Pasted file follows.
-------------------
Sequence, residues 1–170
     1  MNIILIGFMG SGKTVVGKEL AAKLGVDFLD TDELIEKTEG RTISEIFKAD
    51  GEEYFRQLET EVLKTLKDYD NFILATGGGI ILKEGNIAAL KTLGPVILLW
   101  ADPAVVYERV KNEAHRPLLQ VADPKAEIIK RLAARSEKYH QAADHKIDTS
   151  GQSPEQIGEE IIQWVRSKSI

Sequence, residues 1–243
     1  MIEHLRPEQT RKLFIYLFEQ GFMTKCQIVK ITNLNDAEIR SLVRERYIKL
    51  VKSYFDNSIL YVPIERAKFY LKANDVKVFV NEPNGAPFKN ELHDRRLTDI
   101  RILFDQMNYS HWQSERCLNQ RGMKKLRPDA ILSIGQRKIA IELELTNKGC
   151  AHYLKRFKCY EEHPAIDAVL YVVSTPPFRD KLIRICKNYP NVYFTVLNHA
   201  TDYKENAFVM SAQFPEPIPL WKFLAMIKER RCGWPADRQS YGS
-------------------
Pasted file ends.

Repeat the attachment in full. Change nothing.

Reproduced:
Sequence, residues 1–170
     1  MNIILIGFMG SGKTVVGKEL AAKLGVDFLD TDELIEKTEG RTISEIFKAD
    51  GEEYFRQLET EVLKTLKDYD NFILATGGGI ILKEGNIAAL KTLGPVILLW
   101  ADPAVVYERV KNEAHRPLLQ VADPKAEIIK RLAARSEKYH QAADHKIDTS
   151  GQSPEQIGEE IIQWVRSKSI

Sequence, residues 1–243
     1  MIEHLRPEQT RKLFIYLFEQ GFMTKCQIVK ITNLNDAEIR SLVRERYIKL
    51  VKSYFDNSIL YVPIERAKFY LKANDVKVFV NEPNGAPFKN ELHDRRLTDI
   101  RILFDQMNYS HWQSERCLNQ RGMKKLRPDA ILSIGQRKIA IELELTNKGC
   151  AHYLKRFKCY EEHPAIDAVL YVVSTPPFRD KLIRICKNYP NVYFTVLNHA
   201  TDYKENAFVM SAQFPEPIPL WKFLAMIKER RCGWPADRQS YGS